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Old 02-11-2013, 06:36 PM   #21
dbsmith
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Of all the brewing literature I've read, I've never heard of a problem in mashing "too thin" as related to enzyme activity. How else would you do a no-sparge?
If it works, then great. The thing is that concentration affects other variables relating to the quality of your wort. Is the pH still going to be in the correct range at that dilution? It's just that I've never heard of anyone doing a water-to-grist ratio that high. If you were doing a no sparge, you could mash relatively thin and add top off water. This doesn't really apply to him, though.

As for his case, he does a sparge anyway, so I'm saying that if you are going to do a sparge, you might as well use the correct volumes. Instead of mashing too thin and sparging too thick, why not mash and sparge closer to the appropriate H2O to grain ratio? Maybe you're right and it won't change anything, but I tend to trust the practices of brewers before us, though I know there is a difference in the modification of the malts.

Anyway, the point is that he is trying to boost his efficiency. No sparge is just not going to be as efficient. If it were more efficient to mash super thin and sparge only a little, then it would probably have been done this way traditionally. I just know that most brewers are able to achieve a higher efficiency, so all I can do is show deviations from the norm which may be the reason for the low efficiency.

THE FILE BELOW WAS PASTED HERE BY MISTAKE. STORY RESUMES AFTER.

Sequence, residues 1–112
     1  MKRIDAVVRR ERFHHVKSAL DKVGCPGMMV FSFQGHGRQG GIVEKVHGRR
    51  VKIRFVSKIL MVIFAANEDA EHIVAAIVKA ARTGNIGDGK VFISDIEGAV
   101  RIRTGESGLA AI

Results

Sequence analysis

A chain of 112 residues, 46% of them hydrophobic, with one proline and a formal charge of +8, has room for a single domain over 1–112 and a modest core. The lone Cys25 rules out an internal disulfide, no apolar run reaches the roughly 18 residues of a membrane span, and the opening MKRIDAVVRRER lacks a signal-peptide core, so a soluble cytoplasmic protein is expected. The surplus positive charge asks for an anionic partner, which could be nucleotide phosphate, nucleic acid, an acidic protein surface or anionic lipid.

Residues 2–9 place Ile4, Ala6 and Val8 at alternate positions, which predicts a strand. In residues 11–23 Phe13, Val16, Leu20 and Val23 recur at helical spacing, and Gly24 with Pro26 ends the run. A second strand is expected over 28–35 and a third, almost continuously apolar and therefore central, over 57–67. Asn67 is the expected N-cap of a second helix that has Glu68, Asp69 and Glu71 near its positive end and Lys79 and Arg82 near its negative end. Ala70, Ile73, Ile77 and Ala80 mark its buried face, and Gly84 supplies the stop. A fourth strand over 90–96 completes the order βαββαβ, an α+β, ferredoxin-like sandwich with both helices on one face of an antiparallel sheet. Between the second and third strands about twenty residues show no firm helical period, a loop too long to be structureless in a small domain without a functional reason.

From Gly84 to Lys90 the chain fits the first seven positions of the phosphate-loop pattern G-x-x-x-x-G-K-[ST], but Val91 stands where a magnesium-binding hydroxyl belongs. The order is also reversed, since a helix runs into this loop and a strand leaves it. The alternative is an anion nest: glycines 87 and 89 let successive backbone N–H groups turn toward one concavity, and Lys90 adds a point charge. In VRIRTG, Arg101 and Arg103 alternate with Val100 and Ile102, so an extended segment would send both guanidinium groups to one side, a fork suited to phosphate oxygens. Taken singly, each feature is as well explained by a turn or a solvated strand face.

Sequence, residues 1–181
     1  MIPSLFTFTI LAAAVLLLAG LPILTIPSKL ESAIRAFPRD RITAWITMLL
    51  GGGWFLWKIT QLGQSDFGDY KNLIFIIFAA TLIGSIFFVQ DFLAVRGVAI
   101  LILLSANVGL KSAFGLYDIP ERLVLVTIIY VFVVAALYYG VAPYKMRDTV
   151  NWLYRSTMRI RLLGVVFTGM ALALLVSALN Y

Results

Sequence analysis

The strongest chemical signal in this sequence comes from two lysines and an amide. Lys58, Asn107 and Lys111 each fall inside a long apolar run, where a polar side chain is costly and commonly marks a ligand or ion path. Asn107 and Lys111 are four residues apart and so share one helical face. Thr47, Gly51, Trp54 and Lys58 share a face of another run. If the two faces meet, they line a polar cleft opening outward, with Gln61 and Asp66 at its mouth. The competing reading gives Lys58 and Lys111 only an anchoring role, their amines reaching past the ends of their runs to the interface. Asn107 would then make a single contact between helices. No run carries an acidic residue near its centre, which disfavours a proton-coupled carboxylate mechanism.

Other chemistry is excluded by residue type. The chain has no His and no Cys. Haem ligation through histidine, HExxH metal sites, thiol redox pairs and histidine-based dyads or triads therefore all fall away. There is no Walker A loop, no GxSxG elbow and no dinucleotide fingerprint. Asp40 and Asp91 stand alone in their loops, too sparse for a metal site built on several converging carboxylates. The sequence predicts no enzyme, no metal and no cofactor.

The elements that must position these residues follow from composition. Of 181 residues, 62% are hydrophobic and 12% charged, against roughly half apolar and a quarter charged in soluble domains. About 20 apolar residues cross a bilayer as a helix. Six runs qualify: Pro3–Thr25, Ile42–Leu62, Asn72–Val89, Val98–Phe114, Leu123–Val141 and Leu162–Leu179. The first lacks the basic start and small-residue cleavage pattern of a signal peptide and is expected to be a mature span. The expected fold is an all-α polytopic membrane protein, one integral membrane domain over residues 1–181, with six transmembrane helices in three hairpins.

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Old 02-14-2013, 02:40 PM   #22
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Thanks for the thoughtful insight. I think I'm going to check in at the BIAG forum to clarify my water volumes. I understand that even if Brewsmith calls for a volume of water and BIAB is supposed to allow you to mash with all the water, doing so might affect my eff.

I just checked my FG for the second time (after 11 days in primary) and I've seemed to stop at 1.014. That gives me a ABV of 3.8% which is ok. I'm more about the flavor and it has a nice flavor already.

I just dropped 1 oz of EKG in a hop bag and added it to the fermenter. Would it help with clarifying the beer to move it from the 64F room to my 45F garage as sort of a cold crash for the final week before I bottle?

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Old 02-14-2013, 05:46 PM   #23
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Thanks for the thoughtful insight. I think I'm going to check in at the BIAG forum to clarify my water volumes. I understand that even if Brewsmith calls for a volume of water and BIAB is supposed to allow you to mash with all the water, doing so might affect my eff.

I just checked my FG for the second time (after 11 days in primary) and I've seemed to stop at 1.014. That gives me a ABV of 3.8% which is ok. I'm more about the flavor and it has a nice flavor already.

I just dropped 1 oz of EKG in a hop bag and added it to the fermenter. Would it help with clarifying the beer to move it from the 64F room to my 45F garage as sort of a cold crash for the final week before I bottle?
A little time in the garage definitely wouldn't hurt. If you bottle without allowing the temp to rise back to room temp, make sure to account for the low temp in your priming sugar calculations.

Yeah, with BIAB you can use all the water at once, and it is quick, but I think that efficiency is the trade off. You just won't get great efficiency with BIAB. All you have to do is spend an extra buck or two on grains though (probably about 1.5-2 lbs of extra grain per recipe). The key is just figuring out the numbers for your system, and then adjusting accordingly.

Good luck with you beer
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Old 02-14-2013, 06:51 PM   #24
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Thanks again Blair.
I guess that is why BIAB folks look for a finer crush in their grains, to make up the difference. I'll have to keep fiddling with it. I did order a barley crusher to start crushing my own.

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